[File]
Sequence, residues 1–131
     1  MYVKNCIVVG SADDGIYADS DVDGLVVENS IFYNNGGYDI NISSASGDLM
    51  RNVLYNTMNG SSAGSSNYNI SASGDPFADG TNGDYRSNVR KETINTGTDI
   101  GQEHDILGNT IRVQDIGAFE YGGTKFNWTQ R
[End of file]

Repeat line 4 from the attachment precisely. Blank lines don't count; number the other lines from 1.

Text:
   101  GQEHDILGNT IRVQDIGAFE YGGTKFNWTQ R